- Vaccine development projects
- EBOVAC 1, 2 and 3
- Vaccine manufacture capability projects
- Deployment of and compliance with vaccination regimens projects
- Rapid diagnostic test projects
- IMI Open Call on Ebola and related diseases
- About Ebola and related diseases
There are currently no licensed vaccines for Ebola. However, there are a number of vaccine candidates in development, and a number of projects in the IMI Ebola+ programme are generating the data needed to assess the safety and immunogenicity of different vaccine candidates and the level and duration of protection they actually offer against the disease.
EBOVAC 1, 2 and 3
The EBOVAC projects are assessing, through clinical trials in Europe and Africa, the safety and tolerability of the ‘prime-boost’ Ebola vaccine regimen (Ad26.ZEBOV and MVA-BN-Filo) in development at the Janssen Pharmaceutical Companies of Johnson & Johnson. In a prime-boost vaccine regimen, patients are first given a dose to prime the immune system, and then a boost dose which is intended to enhance the immune response over time.
Phase I trials are carried out by the EBOVAC1 project. These trials are gathering preliminary information on the safety and tolerability of the vaccine regimen. The immune response generated by the regimen is also being evaluated longer term.
Subject to review of the preliminary Phase I data, the Phase II and III trials, will be carried out in parallel by the EBOVAC2 and EBOVAC1 projects respectively to speed up the clinical development of the vaccine regimen. In these trials, larger groups of people will receive the vaccine regimen, allowing the projects to gather further information on the regimen’s safety and immunogenicity, including in specific groups such as children and the elderly, and to assess its efficacy against Ebola virus.
EBOVAC3, which was launched in 2018, builds on the work of EBOVAC1 and 2 and will run clinical trials in children in Sierra Leone, Guinea and the Democratic Republic of Congo. It will also follow up people who participated in earlier clinical trials in Sierra Leone, to assess the safety and efficacy of the vaccine in the longer term.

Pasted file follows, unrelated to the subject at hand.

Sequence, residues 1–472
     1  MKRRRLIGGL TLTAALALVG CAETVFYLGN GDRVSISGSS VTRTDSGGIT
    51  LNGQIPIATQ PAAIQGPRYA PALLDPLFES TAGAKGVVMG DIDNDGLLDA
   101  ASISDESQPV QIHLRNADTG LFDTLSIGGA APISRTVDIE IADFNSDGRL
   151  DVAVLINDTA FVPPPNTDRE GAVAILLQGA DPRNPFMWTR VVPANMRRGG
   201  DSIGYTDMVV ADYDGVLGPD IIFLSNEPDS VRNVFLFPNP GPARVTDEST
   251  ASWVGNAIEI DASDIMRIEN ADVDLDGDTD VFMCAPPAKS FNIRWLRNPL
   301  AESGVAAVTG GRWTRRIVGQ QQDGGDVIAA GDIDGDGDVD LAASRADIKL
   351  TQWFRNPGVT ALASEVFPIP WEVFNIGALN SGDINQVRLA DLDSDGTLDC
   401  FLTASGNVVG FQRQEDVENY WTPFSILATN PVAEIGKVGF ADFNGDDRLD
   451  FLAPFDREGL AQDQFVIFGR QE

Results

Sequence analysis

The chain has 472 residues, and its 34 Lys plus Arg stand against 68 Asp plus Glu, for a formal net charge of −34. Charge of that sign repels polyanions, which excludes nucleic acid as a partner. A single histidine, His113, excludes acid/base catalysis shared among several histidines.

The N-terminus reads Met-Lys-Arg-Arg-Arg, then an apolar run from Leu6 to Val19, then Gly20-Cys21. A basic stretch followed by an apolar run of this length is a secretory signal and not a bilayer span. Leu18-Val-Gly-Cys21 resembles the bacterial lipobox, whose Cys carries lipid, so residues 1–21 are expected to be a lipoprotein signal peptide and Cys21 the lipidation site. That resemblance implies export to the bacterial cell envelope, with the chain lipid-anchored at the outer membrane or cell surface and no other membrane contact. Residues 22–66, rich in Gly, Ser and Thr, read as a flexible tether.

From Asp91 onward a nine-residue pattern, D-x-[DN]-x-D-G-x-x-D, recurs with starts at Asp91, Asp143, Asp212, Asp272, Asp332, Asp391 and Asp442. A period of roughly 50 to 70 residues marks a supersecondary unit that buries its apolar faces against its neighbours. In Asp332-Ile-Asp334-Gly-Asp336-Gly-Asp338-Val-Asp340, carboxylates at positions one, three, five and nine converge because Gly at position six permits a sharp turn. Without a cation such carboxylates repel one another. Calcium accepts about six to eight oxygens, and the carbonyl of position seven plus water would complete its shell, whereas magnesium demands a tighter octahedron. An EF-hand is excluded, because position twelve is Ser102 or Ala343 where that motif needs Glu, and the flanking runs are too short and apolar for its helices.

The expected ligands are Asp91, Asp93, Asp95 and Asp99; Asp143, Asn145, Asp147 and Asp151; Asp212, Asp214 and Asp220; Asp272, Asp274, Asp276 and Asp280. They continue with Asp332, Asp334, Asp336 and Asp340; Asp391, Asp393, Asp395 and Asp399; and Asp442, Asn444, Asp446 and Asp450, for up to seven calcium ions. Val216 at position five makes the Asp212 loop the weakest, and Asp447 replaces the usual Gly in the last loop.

VSV-EBOVAC will build on existing work to advance the development of the Ebola vaccine candidate VSV-ZEBOV (‘vesicular stomatitis virus-vectored Zaire Ebola vaccine’). The World Health Organization (WHO) has identified VSV-ZEBOV as one of the most promising Ebola vaccine candidates, and clinical trials are already underway in Europe and Africa. The VSV-EBOVAC project will use cutting-edge technologies to carry out in-depth analyses of samples taken from clinical trial participants before and after vaccination. This will allow them to gather vital information on both the strength of the immune responses triggered by the vaccine and vaccine safety.
The VSV-EBOPLUS project aims to use systems biology approaches to decipher the molecular and immune signatures of responses to the vaccine in both adults and children in the short and long term. To do this, they will study blood samples taken from different groups, including adults and children who have just received the vaccine. They will also carry out yearly follow-up visits with two of the largest cohorts, in Gabon and Switzerland, for five years following vaccination. The project hopes that the results will deliver novel insights into the mechanisms of action of VSV-ZEBOV, and provide signatures that can be used to accurately assess both the safety and effectiveness of vaccines.
Although there are promising Ebola vaccines in development, their large-scale deployment could be limited by issues such as the fact that they need to be stored at extremely low temperatures (-80°C). PEVIA aims to develop second generation Ebola vaccines based on the proteins found on the surface of the virus. The project hopes that the resulting regimen will be better suited to large-scale vaccination programmes in sub-Saharan countries, most notably because it will not require storage at low temperatures. In addition, PEVIA aims to develop innovative tools and methods to facilitate the development of new vaccine candidates for Ebola and related diseases, as well as novel diagnostic tests that can be deployed in the field.
Ebola vaccines can only be manufactured in facilities with an appropriate biosafety rating. Relatively few manufacturers have the biosafety rating required for the manufacture of Ebola vaccines, and this is slowing down the production of vaccine candidates.
The focus of the EBOMAN project is on accelerating the development and manufacturing of a ‘prime-boost’ Ebola vaccine regimen (Ad26.ZEBOV and MVA-BN-Filo) in development at the Janssen Pharmaceutical Companies of Johnson & Johnson. In the short term, this will ensure the delivery of sufficient quantities of the Ad26.ZEBOV and MVA-BN-Filo vaccine regimen to support the EBOVAC projects to perform the clinical trials. In parallel, this project will create additional vaccine production capacity to allow for the rapid preparation of large quantities of vaccines.